Janusz Korczak was a Polish-Jewish educator, children's author, and pediatrician. After spending many years working as director of an orphanage in Warsaw, he refused freedom and stayed with his orphans when they were sent from the Ghetto to the Treblinka extermination camp, during the Grossaktion Warsaw of 1942. He and his orphans were murdered by the Nazis in Treblinka.
There is a legend in Jewish tradition of the Lamed-Vav Tzaddikim, the "thirty-six righteous men," who live unrecognized in the world and to whose goodness the world owes its continued existence. The name of Dr. Korczak, the devoted educator and interpreter of the world of the child, may well be added to the handful of the good and pure of his generation.
Korczak was born in Warsaw in 1879. He studied medicine but while still on the threshold of his medical career he turned his attention to the forgotten children of the slums. In the narrow, squalid alleys of the ancient city of Warsaw the young doctor Korczak founded the House of Orphans. Modest and unassuming in his ways, Korczak renounced his ambitions for a medical career to devote his life to his foundling children. His home was a bare, sparsely furnished attic of the orphanage. He spent his days with the children, teaching, guiding, and caring for them with love and tenderness. His nights he spent writing the stories that have enchanted countless young readers the world over.
He firmly believed that the adult world must strive towards the "century of the child." At a time when the Dickensian miseries of orphanage life were the rule rather than the exception, Korczak's educational approach to the institutionalized child was revolutionary. In his educational work, in his writings, and in his public addresses through the radio, Korczak served as a tireless champion of the inalienable rights of the child. The House of Orphans was perhaps one of the first institutions in the world where foundling children were allowed to grow up in an atmosphere of respect and freedom. Korczak introduced into the orphanage the concept of self-government: a parliament of the children abiding by the laws they had made ran the affairs of the institution.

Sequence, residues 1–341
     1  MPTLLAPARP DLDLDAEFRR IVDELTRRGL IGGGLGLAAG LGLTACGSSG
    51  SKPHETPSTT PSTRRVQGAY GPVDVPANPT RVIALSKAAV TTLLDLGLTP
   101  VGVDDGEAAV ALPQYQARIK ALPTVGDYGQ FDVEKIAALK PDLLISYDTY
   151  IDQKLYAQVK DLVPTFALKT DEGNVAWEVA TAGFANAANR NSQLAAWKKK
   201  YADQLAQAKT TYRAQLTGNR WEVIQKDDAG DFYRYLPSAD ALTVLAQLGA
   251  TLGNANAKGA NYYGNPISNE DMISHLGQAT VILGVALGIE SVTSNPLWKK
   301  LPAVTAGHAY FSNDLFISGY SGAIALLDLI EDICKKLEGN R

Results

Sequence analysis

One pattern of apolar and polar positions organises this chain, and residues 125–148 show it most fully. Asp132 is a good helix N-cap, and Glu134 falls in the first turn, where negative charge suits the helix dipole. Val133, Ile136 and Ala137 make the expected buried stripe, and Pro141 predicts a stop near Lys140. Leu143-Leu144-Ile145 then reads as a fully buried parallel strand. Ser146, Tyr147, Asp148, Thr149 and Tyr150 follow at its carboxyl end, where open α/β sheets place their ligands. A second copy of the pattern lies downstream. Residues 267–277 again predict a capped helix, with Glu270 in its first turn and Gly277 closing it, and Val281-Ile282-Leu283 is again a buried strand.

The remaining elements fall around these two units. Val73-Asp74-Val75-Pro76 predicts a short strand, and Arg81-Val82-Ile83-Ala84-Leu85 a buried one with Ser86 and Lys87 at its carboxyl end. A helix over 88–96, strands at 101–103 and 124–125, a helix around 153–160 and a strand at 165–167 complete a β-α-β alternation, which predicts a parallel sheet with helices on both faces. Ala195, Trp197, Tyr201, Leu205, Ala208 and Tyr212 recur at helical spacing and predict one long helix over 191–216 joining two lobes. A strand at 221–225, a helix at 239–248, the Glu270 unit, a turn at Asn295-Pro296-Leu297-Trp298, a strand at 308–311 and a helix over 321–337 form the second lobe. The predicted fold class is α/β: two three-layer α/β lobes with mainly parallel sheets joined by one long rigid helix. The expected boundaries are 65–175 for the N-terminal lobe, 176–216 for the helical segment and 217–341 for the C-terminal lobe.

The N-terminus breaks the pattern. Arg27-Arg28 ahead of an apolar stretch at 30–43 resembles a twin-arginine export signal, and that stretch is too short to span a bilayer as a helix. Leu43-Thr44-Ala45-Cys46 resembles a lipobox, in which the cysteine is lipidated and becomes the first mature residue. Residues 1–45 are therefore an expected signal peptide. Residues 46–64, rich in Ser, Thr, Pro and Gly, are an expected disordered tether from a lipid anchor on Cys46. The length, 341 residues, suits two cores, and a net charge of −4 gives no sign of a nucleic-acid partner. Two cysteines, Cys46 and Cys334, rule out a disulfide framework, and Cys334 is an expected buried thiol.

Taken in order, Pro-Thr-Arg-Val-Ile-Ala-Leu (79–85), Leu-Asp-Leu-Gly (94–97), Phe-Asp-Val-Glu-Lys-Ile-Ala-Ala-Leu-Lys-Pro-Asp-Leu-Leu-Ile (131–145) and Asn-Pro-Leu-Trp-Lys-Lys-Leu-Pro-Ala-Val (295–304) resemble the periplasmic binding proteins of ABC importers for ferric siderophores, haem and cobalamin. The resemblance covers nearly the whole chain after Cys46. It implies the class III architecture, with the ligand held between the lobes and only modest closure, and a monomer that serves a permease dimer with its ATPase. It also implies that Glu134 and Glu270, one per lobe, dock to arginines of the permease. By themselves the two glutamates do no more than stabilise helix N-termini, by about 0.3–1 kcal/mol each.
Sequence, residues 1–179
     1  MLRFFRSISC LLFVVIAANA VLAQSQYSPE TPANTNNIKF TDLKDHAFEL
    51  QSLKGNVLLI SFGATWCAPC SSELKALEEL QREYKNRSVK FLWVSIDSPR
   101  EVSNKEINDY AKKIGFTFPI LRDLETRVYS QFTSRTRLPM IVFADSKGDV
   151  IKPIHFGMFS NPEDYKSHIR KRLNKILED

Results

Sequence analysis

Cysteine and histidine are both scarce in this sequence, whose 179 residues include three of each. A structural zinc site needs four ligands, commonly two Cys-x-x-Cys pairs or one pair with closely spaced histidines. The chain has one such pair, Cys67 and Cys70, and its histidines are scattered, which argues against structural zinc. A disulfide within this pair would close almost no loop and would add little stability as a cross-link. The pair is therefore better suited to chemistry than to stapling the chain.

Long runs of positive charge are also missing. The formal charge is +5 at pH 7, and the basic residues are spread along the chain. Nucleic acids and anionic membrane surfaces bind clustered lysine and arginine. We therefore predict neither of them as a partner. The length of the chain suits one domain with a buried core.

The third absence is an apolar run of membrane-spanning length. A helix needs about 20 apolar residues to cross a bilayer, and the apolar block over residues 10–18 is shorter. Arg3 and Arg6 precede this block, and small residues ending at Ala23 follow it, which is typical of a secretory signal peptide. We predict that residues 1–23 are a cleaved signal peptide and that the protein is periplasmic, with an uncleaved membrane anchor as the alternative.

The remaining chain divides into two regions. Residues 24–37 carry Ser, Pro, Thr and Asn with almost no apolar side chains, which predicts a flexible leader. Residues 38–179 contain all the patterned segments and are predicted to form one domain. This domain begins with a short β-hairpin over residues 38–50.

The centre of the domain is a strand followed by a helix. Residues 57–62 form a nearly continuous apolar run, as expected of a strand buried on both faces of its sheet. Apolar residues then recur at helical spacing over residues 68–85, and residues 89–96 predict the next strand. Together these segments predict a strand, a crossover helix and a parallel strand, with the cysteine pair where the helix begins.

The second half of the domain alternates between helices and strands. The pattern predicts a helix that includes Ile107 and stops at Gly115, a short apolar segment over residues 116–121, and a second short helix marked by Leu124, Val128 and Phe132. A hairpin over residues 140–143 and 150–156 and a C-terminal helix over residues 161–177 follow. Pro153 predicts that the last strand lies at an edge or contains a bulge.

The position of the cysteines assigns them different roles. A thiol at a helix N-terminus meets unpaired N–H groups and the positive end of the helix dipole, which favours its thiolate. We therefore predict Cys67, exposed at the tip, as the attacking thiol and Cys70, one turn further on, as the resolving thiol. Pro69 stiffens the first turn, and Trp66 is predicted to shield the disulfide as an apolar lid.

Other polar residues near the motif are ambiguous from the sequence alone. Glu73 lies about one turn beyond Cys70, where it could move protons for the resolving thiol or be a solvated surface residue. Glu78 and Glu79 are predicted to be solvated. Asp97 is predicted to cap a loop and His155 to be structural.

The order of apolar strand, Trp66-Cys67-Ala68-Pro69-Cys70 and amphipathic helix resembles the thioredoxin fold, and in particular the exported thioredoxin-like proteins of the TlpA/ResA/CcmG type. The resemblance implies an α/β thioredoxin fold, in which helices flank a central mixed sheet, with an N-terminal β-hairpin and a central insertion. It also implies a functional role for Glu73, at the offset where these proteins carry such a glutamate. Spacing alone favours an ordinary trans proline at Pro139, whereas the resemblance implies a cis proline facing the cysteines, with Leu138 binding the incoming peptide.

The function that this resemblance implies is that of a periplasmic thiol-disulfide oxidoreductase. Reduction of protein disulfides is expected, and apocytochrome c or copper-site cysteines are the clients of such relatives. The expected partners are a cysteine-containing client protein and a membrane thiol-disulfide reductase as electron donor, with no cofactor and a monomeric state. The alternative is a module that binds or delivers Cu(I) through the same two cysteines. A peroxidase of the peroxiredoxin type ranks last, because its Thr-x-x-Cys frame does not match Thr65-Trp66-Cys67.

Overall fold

Characteristic of his belief in the rights of the child to self-expression was his introduction of a children's newspaper which appeared as a supplement to one of the largest Polish dailies. The newspaper was produced entirely by young people with the minimum of guidance from a "bald and bespectacled old man" (as Korczac described himself).
Korczak was both teacher and pupil. To the children of the House of Orphans he taught the meaning of honesty, integrity, love, and mutual respect. From his young wards Korczak learnt to understand the complex world of childhood. He interpreted this world to adults through his studies and articles on education which to this day provide valuable guidance for educators.
From 1911 to 1940 Korczak ran the orphanage in Krochmalna Street (with only a brief interruption during World War I when he served as a doctor in the Polish Army). In the fateful year of 1940 Korczak and his children were moved to the high-walled ghetto of Warsaw. During the last two years of his life Korczak struggled to give his charges not only bread to keep alive their frail bodies but the hope that a brighter life lay beyond the mountain of horror and hate surrounding them.
The story of the death of Korczak in 1942 - recalled in simple, heartening words by one of the witnesses in the Eichmann trial - has given added strength to the legend of Korczak as "one of the Just". When the order came to deport the children of the orphanage, the Germans tried to persuade Korczak to desert his charges. He refused, remaining with them until the bitter end. Passersby who had gathered in the ghetto streets could not understand the strange sight before their eyes: a procession of happy, singing children, dressed in their Sabbath clothes, led by an old but proud Jew carrying in his arms a sick child. The sound of their singing voices echoed as they boarded the train. This was the one and only time Korczak had deceived his charges: he had told them that the train would take them to sunshine and green fields.
It is indeed to men like Korczak that the children of the world owe the hope of greener fields and brighter suns in the future. The inscription on the tab of this stamp reads: "Janusz Korczak friend to children - father to orphans."
The stamp was issued in 1962, design: O. Adler.